CFDM can be successfully used for mixed convective and (purely) diffusive/dispersive terms. Knowledge on numerical methods is essential for their successful application in real life engineering problems. In the next blog on this topic, we will explain the application of FD methods in Mobatec Modeller and why it is important that this part of the PDE solution strategy needs to remain a “white box” – available for user to interact with in order to be able to make the models to converge and not have their hands “tied together”.
What is your experience with Distributed Parameter System modelling and numerical methods used? Did you ever run into convergence problems without knowing what the cause was?
I invite to post your experiences, insights and/or suggestions in the comment box below, such that we can all learn something from it.
To your success!
29 Apr 2016
Several OTS vendors are putting great efforts in developing 3D Virtual worlds to mimic the real plant and although this is great for Greenfield plants or for situations where the team that is to be trained is far away from the actual plant, it remains a form of “serious gaming” at best. Why not use the real plant for realistic trainings?
Our company OTS (Operator Training Solutions) developed a tool to make it possible to train control room operators together with field operators. Please click here to read a recent white paper on the subject. While training, the control room operators use an exact copy of the real DCS. Field operators perform the field operations in the field itself, however not on the real equipment, but via an ATEX approved smart device, connected to the OTS. This is so close to reality that our customer Huntsman refers to this as: Real Reality.
Have a look at this short (2 min.) movie of our satisfied customer to get an impression of how it works:
Here are some nice pictures of our Field Operator App “In Action”:
Let us know what you think about using Real Reality for Training Operator Crews in the comment box below, such that we can all learn something from it.
To your success!
PS: please browse to our OTS website to learn more about our Operator Training Solutions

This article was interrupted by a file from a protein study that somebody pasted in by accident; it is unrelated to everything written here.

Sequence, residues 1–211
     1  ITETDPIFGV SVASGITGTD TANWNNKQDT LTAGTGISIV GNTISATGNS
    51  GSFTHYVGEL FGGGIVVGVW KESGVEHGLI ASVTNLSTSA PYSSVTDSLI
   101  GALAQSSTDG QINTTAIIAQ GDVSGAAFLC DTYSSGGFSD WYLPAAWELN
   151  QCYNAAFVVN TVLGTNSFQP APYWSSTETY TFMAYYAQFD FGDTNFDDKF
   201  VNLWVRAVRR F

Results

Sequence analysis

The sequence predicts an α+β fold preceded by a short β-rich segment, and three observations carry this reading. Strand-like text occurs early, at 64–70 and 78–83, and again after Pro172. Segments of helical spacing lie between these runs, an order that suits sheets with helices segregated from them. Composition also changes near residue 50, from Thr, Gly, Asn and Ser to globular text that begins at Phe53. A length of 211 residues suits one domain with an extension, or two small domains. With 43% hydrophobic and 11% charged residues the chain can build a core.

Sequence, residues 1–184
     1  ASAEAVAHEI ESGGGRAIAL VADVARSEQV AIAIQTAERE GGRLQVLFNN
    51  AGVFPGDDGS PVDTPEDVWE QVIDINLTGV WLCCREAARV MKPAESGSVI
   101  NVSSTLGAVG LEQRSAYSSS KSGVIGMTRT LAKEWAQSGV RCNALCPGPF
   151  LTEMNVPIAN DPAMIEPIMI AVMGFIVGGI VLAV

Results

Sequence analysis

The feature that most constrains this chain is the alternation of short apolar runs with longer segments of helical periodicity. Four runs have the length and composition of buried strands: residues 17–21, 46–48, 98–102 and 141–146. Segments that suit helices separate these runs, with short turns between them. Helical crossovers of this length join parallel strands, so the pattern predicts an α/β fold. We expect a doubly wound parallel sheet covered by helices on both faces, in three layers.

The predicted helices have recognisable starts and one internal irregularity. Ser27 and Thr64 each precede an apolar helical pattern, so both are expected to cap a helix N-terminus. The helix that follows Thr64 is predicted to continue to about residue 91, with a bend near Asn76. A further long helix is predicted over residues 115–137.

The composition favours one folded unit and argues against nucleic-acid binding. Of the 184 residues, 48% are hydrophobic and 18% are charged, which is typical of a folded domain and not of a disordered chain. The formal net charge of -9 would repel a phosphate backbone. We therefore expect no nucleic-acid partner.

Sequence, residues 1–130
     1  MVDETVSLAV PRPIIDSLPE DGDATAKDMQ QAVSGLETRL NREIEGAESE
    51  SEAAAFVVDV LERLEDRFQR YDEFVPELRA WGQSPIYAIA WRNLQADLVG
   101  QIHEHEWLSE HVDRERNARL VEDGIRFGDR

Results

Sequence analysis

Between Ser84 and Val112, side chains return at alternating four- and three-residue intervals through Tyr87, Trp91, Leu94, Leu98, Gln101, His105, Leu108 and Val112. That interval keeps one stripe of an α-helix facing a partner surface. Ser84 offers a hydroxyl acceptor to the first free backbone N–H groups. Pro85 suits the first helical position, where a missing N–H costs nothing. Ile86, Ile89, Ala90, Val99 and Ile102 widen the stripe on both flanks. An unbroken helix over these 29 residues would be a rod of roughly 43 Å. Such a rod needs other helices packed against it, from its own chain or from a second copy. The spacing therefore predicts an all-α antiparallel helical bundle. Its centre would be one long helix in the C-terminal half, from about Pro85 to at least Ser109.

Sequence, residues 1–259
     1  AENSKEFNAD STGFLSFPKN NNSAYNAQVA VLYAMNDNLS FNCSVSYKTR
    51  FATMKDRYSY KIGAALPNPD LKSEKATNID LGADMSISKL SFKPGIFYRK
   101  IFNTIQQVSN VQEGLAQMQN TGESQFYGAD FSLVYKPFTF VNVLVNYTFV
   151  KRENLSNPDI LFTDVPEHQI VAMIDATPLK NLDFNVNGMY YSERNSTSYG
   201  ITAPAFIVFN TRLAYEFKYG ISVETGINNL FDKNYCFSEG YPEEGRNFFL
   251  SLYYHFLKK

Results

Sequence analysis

31 Aug 2014
I realised it may not be entirely clear what is meant with the terms “permeability” and “directionality”, so I decided to spend some more lines on that:
The modelling methodology implemented in Mobatec Modeller makes use of several topologies, the Physical Topology, Species Topology and Equation Topology.
The idea of the construction of the species topology is to facilitate the definition and identification of species and reactions occurring in various parts of the processing plant. The species topology defines which species are present in which part of the process and thus defines the basics of the chemistry/biology of a processing plant model. This enables the generation of the relevant balances of extensive quantities for the systems.
The species topology is superimposed on the physical topology. Its construction efficiently aids the model designer in the definition of the chemistry/biology of the processing plant because it generates knowledge about which species are present in every system in a physical topology and about which reactions occur in every reactive system.
It should be noted that at this stage of the model definition process the quantities of the species in the systems are of no relevance. The association of a certain species with a certain system only implies that this system has a capacity for this particular species. If, for example, a system Σ is associated with only one species, S, then this implies that species S is the only species that can be present in system Σ. It does not imply that S has to be present in Σ. At certain moments or maybe all the time during an evolution/simulation of the process, species S may even be absent. At these particular moments the system has no mass, but of course still has a capacity to store the species S.
The existence of certain species and reactions in one part of the system does not imply that they are the same in all parts of the system. In principle, however, every chemical or biological species could be present in any part of the system, so one could decide not to construct the species topology and only generate a global set of species. This would mean that one defines only one set of species, which comprises all species that appear in the whole plant. Every system of the physical topology would then consist of all these species. For each species in each system the species mass balances could then be generated, which would of course result in a flood of equations. In most cases, many of these equations would be obsolete, because species are usually constrained to a group of systems and therefore do not appear in every system. The species of the fluids in the two parts of a shell and tube heat exchanger, for example, are usually not the same.